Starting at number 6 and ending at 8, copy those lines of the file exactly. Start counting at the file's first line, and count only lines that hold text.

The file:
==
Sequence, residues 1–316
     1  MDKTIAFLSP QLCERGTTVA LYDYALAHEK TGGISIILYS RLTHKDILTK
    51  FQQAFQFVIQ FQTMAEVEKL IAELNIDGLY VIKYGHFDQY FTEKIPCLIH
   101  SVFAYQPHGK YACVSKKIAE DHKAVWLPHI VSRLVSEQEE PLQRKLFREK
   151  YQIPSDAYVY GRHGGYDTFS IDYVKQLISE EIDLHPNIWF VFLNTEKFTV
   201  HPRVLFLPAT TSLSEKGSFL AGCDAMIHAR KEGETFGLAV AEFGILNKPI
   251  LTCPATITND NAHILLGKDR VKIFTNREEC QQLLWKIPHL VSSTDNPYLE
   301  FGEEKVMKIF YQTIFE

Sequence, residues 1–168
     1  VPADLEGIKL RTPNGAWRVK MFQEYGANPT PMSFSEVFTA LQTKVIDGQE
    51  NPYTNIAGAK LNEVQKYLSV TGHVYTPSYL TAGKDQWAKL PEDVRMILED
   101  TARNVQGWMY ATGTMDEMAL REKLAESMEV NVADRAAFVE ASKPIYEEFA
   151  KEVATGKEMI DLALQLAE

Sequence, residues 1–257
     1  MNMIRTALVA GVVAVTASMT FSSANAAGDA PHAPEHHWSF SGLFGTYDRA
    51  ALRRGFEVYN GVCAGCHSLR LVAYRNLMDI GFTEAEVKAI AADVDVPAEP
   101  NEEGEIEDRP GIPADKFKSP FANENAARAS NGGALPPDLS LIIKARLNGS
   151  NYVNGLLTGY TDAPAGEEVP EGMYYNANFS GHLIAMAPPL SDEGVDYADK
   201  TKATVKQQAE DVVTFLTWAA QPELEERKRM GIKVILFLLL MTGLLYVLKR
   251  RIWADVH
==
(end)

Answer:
   201  HPRVLFLPAT TSLSEKGSFL AGCDAMIHAR KEGETFGLAV AEFGILNKPI
   251  LTCPATITND NAHILLGKDR VKIFTNREEC QQLLWKIPHL VSSTDNPYLE
   301  FGEEKVMKIF YQTIFE